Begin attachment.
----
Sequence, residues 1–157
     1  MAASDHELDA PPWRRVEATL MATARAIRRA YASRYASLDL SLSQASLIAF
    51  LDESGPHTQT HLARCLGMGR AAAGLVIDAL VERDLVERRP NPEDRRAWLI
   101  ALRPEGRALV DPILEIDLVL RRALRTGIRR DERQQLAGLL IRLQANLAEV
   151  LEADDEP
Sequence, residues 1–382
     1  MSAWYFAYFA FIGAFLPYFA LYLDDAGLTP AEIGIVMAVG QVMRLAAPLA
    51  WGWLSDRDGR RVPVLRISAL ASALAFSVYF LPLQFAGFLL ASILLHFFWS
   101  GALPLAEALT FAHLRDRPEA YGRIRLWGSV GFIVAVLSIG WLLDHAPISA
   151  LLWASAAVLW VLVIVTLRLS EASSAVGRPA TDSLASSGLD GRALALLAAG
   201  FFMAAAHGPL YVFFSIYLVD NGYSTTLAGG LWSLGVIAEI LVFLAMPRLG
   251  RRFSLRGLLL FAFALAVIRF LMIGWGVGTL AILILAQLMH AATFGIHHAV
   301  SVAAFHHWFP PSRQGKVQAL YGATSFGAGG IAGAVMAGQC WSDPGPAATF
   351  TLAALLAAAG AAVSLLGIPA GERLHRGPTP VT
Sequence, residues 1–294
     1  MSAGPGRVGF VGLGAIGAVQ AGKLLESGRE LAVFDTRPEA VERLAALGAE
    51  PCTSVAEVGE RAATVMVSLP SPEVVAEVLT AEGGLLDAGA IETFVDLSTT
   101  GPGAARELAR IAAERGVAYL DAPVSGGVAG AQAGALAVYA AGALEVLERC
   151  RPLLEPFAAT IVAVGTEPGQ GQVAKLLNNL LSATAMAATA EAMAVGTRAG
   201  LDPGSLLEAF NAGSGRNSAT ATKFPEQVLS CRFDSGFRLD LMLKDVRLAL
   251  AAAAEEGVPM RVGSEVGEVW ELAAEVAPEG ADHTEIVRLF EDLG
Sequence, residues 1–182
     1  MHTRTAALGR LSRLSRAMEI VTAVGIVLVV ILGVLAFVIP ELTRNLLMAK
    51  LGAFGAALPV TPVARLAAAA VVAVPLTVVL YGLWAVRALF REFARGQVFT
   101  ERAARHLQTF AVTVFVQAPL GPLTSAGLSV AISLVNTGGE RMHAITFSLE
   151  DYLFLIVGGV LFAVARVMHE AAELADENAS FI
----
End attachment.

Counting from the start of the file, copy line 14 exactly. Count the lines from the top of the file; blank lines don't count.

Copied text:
   351  TLAALLAAAG AAVSLLGIPA GERLHRGPTP VT